Dear Folks,

A family is continually becoming what becomes of it, writes Frederick Buechner.  “It is every christening and every commencement, every falling in love, every fight, every departure and return… It’s the sound of the phone ringing in the middle of the night or the lying awake for hours waiting for the phone to ring.” (Whistling in the Dark) It’s the children laughing, brothers wrestling, parents offering advice, lovers whispering or crying, and the silence after a door is slammed shut.  For anyone who’s had one fall apart, a family’s wings are gossamer, “a web so delicately spun that it takes almost nothing to set the whole thing shuddering or tear it to pieces.  Yet the thread it’s woven of is as strong as anything on earth.” (ibid) The depth of our longing for connection has everything to do with the family that gave us our start, and we shape our current communities with the new, perhaps healthier systems we’ve been building since then.

If you are looking for snap-shots of an ideal family, of life-giving parent, child, and sibling relationships, the Bible may not be the best place to look.  Consider Abraham almost sacrificing his son on a make-shift altar, or the crippling favoritism that Isaac later showers on one of his twins, or old Samuel and his shiftless sons, or the awful tangle between David and his children Amnon, Tamar, and Absalom, whose saga includes a rape and a murder within their intimate circle.  And Mark reveals tension within Jesus’ own family(!) One translation says, “When his family heard what was happening, they came to take control of him.  They were saying, “He’s out of his mind.”  (Mark 3:20, Common English Bible)

Yet much of the tradition is uncomfortable suggesting that Jesus had trouble getting along with his closest relatives.  The King James Version totally removes Jesus’ family from this part of the story, saying instead: “And when his friends heard of it, they went out to lay hold of him, for they said, ‘He is beside himself.’”  Other translations put the disparagement of Jesus in the mouths of anonymous “other people” instead of his kinfolk, and the authors of Matthew and Luke, written after the time of the gospel of Mark, omit entirely from their stories any hint that Jesus’ family thought he was disturbed.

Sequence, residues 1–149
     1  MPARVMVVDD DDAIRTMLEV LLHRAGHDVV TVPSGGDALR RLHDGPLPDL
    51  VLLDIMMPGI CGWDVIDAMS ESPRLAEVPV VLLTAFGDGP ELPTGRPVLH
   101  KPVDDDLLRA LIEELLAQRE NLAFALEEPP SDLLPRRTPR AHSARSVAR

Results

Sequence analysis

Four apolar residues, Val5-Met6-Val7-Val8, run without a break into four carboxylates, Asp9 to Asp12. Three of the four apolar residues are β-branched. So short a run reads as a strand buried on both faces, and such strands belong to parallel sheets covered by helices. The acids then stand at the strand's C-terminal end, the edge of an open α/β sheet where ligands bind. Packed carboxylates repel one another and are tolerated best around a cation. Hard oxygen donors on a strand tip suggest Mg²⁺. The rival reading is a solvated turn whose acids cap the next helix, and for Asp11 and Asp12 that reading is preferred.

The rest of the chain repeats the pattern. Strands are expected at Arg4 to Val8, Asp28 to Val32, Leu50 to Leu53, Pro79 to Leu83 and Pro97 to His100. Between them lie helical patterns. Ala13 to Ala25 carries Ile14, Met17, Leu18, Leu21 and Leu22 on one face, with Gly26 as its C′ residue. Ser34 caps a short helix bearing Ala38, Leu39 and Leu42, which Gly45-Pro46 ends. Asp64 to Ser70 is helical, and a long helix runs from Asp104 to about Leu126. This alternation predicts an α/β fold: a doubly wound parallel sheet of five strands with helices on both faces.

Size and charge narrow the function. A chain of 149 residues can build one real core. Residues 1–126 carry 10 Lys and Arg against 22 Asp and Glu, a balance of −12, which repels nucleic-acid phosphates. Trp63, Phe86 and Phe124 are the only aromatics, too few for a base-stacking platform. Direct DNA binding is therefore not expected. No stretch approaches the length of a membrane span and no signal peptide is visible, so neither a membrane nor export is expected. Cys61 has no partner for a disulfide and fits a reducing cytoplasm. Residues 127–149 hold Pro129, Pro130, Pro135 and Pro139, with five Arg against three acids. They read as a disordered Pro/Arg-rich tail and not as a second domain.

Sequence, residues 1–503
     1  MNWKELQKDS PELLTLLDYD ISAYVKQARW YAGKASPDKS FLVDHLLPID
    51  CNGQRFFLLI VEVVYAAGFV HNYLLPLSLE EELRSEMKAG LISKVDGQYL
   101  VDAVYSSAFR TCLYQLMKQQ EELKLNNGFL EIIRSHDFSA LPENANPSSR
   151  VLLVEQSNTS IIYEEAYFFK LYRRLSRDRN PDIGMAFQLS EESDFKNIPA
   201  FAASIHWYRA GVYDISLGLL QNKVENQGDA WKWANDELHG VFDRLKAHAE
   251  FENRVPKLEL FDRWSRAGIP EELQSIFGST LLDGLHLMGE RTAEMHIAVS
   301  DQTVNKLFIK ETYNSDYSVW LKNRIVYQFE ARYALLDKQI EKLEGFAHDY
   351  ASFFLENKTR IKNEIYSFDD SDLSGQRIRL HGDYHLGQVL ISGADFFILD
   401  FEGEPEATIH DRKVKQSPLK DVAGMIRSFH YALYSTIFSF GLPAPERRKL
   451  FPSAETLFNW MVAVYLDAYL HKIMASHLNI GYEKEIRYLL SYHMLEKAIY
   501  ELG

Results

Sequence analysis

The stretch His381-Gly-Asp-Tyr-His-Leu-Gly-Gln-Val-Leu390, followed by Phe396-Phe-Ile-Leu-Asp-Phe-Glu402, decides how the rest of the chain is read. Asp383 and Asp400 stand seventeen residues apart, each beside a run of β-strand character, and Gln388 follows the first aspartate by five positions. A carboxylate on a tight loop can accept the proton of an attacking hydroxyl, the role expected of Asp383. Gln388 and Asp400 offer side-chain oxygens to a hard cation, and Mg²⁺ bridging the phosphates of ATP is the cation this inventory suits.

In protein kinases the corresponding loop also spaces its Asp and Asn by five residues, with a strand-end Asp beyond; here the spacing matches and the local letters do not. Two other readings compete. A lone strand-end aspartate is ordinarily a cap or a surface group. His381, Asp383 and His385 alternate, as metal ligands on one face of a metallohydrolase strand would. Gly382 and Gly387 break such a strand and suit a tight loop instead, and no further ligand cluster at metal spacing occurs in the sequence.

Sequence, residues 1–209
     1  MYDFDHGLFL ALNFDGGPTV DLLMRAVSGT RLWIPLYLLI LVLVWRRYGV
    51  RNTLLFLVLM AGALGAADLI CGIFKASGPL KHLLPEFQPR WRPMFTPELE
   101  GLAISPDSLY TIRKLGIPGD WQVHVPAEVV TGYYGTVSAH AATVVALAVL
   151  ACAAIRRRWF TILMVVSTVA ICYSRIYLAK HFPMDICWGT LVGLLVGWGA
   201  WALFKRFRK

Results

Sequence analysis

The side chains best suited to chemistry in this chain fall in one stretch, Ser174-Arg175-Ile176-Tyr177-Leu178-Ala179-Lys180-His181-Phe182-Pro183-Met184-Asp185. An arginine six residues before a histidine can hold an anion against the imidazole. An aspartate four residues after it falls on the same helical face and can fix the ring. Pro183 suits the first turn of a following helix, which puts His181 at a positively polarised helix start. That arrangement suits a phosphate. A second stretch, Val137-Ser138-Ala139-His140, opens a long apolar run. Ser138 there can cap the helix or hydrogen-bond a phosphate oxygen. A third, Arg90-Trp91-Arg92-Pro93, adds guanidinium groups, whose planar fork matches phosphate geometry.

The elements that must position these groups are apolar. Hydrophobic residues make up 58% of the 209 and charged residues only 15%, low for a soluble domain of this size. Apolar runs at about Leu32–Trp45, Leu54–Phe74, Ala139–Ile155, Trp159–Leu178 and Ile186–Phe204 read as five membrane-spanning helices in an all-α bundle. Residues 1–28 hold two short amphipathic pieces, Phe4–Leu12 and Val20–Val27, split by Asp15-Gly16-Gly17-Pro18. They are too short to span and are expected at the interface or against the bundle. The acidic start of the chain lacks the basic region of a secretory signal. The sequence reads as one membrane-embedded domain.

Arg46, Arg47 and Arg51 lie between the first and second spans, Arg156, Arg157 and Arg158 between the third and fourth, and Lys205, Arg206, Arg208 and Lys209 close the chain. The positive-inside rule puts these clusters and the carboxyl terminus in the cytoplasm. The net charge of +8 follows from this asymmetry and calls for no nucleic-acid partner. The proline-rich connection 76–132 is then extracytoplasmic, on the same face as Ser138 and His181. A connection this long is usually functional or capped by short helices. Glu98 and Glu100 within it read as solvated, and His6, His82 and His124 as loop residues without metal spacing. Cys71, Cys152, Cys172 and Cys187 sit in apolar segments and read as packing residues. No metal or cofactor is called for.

The wider context of the story is a controversy over authority involving influential religious leaders and Jesus’ family, with both groups expressing trouble understanding who Jesus is and what his actions mean.  The scribes who came down from Jerusalem conclude he is possessed by Satan, the tempter, while his family worries he has lost his sanity, and in this ancient setting, these two diagnoses are roughly equivalent to each other.  (Matthew Skinner) It’s an old story, really, to label a challenge to the status quo “crazy talk,” and both allegations attempt to discredit the one here who is facilitating health.  Jesus experiences in this exchange what a modern person discovers when he exposes a bully in the workplace, when an abused spouse begins to take care of herself, when a sober sibling navigates an alcoholic system, or when the son of slaves reveals the violence of low expectations.

The story digs a little deeper.  “Then his mother and brothers came; and standing outside, they sent to him and called him.  The crowd sitting around Jesus said to him, ‘Your mother and your brother and sisters are outside, asking for you.’”  And Jesus replies with a shocking query, “Who are my mother and my brothers?”  And looking at the people near him, he answers his own question: It’s you.  Whoever does the will of God is my brother and sister and mother, he says.

This is good news for the folks inside the house that day, who identify with Jesus and his teaching, and it’s good news for Mark’s earliest readers, who often found themselves estranged from their biological families… Think of the disciples who left everyone behind…

But this is pretty hard to take for his relatives standing outside, and for anyone with high regard for conventional notions of honor and social stability.  In a stunning and probably painful exchange with his relatives, Jesus redefines family altogether here.  For him and his Way, family will no longer be determined by blood relations, kinship ties, or the rules of inheritance.  Life-giving family is defined by something bigger, less parochial, more inclusive, characterized by mutual respect and called to the work of leveling generations of uneven playing fields.

You see our family is much bigger than we thought it was.  Who’s in our gang after all? Prostitutes, thieves, widows, the childless, immigrants, angry brothers, the prodigal, the Ethiopian, the Samaritan, the Greek, the Jew, the wealthy benefactor, the never married, the three times married, gay, straight, and trans, Republican, Democrat, independents, even Yankees fans.  And our call is to weave the streets of Baltimore and its various factions and fractured relationships into a living fabric that joins disparate, unlikely, even antagonistic strands together.  Because according to Jesus, the courage and will to love is what makes a family, not blood.